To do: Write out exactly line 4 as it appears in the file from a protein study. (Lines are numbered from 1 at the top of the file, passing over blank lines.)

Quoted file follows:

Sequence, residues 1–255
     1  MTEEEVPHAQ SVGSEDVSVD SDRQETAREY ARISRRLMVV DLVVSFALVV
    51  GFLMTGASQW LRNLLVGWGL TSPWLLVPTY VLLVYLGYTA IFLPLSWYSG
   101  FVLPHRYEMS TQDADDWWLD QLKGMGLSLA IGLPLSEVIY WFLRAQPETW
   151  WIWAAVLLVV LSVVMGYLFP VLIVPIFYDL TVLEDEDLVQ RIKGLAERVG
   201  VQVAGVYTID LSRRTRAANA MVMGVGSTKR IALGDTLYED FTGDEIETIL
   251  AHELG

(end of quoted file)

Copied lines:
   101  FVLPHRYEMS TQDADDWWLD QLKGMGLSLA IGLPLSEVIY WFLRAQPETW